Standard & Poor's has warned that current proposals for restructuring Greece's debt would effectively constitute a default.
French banks, which hold some of the biggest exposures to Greek government debt, want to allow the country to extend the maturity of its bonds, which S&P said could be defined as a "selective default".
The euro fell against the dollar, losing around half a cent to $1.4513, after S&P released its analysis.
German and French banks have already agreed in principle to roll over loans to Greece in order to give the country more time to repay its debts.
This could involve effectively reinvesting the proceeds of maturing Greek debt into newly-issued bonds.
Standard & Poor's said that, depending on the circumstances, it viewed "certain types of debt exchanges and similar restructurings as equivalent to a payment default".
The options laid out so far for restructuring Greek debt would constitute such a default, it said.
Under the Fédération Bancaire Française (FBF) plan, banks would invest some €30bn of maturing Greek debt in new bonds issued by Athens, which would not mature for up to 30 years. These securities would have an interest rate linked to Greece's GDP, and their sale would be restricted. The proposal won support last week from Germany, which is keen for private creditors to share the cost of a new rescue package worth an estimated €110bn (£100bn).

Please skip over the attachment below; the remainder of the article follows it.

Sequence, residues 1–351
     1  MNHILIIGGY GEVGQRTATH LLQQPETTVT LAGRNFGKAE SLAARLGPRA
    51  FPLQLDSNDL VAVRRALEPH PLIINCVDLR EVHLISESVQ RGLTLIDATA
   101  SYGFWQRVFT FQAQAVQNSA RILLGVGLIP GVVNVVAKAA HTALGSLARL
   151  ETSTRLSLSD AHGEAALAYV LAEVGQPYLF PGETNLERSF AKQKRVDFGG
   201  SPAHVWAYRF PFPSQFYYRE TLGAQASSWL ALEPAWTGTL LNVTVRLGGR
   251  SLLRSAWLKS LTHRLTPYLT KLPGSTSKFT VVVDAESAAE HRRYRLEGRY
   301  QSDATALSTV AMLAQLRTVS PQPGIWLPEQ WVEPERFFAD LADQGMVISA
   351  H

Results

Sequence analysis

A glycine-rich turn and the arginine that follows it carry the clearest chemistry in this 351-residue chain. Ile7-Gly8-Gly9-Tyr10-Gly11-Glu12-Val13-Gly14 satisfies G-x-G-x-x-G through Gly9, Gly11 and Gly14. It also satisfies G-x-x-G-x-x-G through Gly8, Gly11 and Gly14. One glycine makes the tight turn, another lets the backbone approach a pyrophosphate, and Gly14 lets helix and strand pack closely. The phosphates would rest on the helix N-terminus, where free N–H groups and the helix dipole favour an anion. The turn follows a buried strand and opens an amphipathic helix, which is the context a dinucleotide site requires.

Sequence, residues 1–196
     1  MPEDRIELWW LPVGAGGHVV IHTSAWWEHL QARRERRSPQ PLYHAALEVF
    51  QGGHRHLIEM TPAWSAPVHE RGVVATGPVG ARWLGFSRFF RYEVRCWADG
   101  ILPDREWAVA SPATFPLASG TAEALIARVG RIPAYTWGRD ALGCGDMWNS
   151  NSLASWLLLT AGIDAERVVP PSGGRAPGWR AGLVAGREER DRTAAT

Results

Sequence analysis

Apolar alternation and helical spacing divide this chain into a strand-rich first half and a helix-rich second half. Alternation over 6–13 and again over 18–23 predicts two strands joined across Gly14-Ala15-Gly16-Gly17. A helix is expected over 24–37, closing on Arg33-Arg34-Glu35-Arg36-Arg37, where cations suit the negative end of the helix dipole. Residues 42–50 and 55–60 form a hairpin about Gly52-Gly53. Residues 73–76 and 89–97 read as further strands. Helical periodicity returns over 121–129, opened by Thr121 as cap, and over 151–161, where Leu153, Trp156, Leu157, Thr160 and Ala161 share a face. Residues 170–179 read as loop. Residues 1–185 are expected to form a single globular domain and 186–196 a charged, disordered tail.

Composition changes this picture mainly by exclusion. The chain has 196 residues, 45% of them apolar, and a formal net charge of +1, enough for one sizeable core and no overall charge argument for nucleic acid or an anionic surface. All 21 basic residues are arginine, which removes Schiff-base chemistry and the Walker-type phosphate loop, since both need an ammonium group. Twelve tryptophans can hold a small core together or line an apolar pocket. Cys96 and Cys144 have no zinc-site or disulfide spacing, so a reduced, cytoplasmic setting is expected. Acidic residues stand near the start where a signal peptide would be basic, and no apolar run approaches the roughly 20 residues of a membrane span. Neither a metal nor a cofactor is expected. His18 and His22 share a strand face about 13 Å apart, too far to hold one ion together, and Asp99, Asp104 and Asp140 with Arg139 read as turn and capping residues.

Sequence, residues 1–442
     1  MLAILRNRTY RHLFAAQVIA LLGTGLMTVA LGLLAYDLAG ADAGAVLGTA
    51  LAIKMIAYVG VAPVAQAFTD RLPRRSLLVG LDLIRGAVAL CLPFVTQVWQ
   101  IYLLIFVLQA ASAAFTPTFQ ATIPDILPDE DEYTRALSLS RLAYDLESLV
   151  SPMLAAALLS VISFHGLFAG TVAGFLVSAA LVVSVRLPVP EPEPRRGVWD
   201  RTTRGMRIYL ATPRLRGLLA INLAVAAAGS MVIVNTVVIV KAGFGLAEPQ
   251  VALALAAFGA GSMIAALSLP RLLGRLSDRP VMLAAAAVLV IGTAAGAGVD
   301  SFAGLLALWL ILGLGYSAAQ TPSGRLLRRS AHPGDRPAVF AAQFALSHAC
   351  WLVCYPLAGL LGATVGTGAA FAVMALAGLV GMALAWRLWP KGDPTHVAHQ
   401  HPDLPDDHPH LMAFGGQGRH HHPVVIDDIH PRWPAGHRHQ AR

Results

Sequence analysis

S&P, though, has concluded that this plan must be treated as a debt restructuring because investors would receive less value than was promised when they bought their original securities, and because without the deal Greece would almost certainly be unable to service its debts.
Chaos could ripple through financial markets if the rating agencies rule that Greece has defaulted. Banks would have to slash the value of the Greek bonds they hold, and would probably not be able to use them as collateral with the European Central Bank (ECB). There are also fears that Portugal and Ireland might also see their credit rating cut.